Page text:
While you can generate your Apache site-configuration files by hand, new users will generally find this a somewhat daunting task. The modwsgideploy project provides a small helper script which has parameterized helper scripts which can generate an initial Apache Mod-WSGI configuration file and .wsgi script.

$ cd ~
$ easy_install bzr
$ bzr branch
$ cd parameterized/trunk
$ source /usr/local/pythonenv/bin/activate
(myapp)$ python develop
(myapp)$ paster modwsgi_deploy --help
(myapp)$ cd /usr/local/turbogears/myapp
(myapp)$ paster modwsgi_deploy --logging [other options you choose]
(myapp)$ deactivate

the script is heavily parameterized to allow you to configure your site as desired. If you want your site to be available as a sub-directory of your main site, you can specify a mount-point (the default is /projectname). If you want to set up VirtualHost support (where your server looks at the requested host-name to determine which site to display), you can specify the server-name on the command-line.

The script will create a directory (by default ./apache) which will contain the .wsgi script and an Apache configuration file. It will also (likely) log a number of warnings telling you how to create your :ref:`deploy_modwsgi_baseline`, your :ref:`deploy_modwsgi_appenv`, where to copy/checkout your project code, and where to put your production config file.

The files generated will look like this:

|-- apache
|   |-- README.txt
|   |-- myapp
|   |-- myapp.wsgi
|   `-- test.wsgi

You should review and/or edit the generated files. See the :ref:`deploy_modwsgi_refs` for documentation on the contents of these files.


The config files assume that your application is deployed in the deployment location (/usr/local/turbogears/ by default) in a directory named myapp with the config-file (production.ini by default) in that directory. The application's directory will be added to the PYTHONPATH, as will the VirtualEnv's directory.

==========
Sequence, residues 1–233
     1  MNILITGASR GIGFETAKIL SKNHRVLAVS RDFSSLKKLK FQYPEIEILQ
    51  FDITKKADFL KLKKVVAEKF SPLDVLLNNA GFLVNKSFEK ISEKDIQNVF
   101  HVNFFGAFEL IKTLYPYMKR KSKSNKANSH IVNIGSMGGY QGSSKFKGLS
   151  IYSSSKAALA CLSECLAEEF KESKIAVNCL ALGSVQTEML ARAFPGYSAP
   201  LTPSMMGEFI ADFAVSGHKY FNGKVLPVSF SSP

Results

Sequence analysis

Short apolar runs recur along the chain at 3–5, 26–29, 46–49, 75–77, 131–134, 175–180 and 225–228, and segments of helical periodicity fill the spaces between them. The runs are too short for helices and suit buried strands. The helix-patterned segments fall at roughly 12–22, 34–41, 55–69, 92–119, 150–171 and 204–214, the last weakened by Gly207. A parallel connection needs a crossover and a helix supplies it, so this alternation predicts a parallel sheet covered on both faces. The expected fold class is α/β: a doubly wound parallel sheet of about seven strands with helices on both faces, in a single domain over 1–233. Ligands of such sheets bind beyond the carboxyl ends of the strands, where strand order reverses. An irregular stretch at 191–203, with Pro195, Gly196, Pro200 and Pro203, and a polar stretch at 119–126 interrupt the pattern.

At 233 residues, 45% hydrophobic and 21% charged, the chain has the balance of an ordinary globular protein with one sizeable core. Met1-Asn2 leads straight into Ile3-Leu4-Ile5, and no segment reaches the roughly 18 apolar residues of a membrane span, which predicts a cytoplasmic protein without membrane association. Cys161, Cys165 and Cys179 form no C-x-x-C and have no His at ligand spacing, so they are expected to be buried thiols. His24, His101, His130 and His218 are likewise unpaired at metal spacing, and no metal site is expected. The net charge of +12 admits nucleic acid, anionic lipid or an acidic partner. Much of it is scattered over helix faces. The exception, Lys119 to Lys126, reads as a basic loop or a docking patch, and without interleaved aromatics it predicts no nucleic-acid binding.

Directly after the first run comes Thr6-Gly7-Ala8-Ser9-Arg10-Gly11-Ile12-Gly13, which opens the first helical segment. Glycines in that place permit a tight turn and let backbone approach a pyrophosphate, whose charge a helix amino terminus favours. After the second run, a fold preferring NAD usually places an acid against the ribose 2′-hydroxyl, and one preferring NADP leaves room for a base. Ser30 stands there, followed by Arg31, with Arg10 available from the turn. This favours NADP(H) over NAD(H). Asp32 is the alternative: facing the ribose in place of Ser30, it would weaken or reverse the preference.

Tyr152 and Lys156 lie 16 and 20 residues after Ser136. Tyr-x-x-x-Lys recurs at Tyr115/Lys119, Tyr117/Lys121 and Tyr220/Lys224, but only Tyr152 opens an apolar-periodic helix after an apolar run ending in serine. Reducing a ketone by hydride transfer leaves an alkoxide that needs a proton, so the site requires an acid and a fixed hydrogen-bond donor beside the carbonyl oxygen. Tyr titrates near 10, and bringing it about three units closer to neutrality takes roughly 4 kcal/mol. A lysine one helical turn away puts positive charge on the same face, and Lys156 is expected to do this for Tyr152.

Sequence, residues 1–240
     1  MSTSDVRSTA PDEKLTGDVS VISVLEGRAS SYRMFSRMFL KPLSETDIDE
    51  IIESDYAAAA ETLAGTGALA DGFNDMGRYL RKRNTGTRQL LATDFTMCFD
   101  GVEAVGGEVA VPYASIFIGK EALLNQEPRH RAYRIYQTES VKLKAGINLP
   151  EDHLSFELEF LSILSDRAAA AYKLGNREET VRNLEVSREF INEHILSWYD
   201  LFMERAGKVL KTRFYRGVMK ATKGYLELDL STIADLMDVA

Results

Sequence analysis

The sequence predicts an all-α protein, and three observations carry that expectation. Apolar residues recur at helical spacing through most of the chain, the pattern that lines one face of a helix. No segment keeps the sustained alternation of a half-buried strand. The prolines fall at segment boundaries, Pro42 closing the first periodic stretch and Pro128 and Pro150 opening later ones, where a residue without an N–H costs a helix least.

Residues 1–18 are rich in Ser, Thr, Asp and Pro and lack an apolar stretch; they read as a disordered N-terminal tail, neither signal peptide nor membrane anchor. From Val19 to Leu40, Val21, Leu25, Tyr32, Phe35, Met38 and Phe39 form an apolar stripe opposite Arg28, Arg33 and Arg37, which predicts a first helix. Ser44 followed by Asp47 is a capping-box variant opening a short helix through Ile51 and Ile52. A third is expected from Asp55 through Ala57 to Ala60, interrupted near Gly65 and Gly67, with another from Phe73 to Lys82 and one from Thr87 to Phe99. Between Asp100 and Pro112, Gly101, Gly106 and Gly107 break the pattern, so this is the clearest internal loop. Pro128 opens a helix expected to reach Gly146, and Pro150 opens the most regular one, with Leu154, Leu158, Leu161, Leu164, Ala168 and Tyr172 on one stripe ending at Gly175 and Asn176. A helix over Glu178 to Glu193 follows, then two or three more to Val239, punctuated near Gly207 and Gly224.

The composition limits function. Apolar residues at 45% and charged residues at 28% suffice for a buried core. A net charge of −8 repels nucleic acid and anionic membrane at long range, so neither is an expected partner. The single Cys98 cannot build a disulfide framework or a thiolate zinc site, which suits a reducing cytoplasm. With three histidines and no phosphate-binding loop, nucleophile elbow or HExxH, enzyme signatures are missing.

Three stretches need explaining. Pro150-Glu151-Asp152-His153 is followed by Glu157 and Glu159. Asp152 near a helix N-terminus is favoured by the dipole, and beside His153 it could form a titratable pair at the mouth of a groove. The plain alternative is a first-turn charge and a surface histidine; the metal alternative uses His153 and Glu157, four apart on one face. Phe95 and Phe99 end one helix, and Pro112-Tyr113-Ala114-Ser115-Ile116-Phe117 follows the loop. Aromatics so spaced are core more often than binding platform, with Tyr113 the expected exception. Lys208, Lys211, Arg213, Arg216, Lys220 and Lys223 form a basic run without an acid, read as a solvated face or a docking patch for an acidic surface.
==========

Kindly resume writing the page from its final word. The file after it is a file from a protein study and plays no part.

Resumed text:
When you are finished, you can continue on to :ref:`deploy_apache_enable`.

Possible Issues

Print Statements

If you have used print statements anywhere in your codebase, you can expect your Mod-WSGI applications to crash. Mod-WSGI will error out if there is any attempt to write to stdout (which is what print does by default). Use the logging module instead of print throughout your codebase.

Widget Resource Race Condition

In multiple process load balanced deployments (such as this one) it is very possible that a given request will pull resources from multiple processes.

You may want to make sure that the TG controllers are loaded up even before the first request comes in to handle this, so you should add:

import paste.fixture
app = paste.fixture.TestApp(application)

to the end of the wsgi-script that starts your application.

This will fetch the index page of your app, thus assuring that it's ready to handle all of your requests immediately. This avoids a problem where your controller page is not yet loaded so widgets aren't initialized, but a request comes in for a widget resource the ToscaWidgets middleware doesn't have registered yet.


  • Mod-WSGI the official home of the extension, including documentation
  • Mod-WSGI and VirtualEnvironments discusses the recommended usage pattern and the various options involved
  • Mod-WSGI and Pylons discusses the usage pattern with focus on how to integrate Pylons applications (TurboGears is built on Pylons)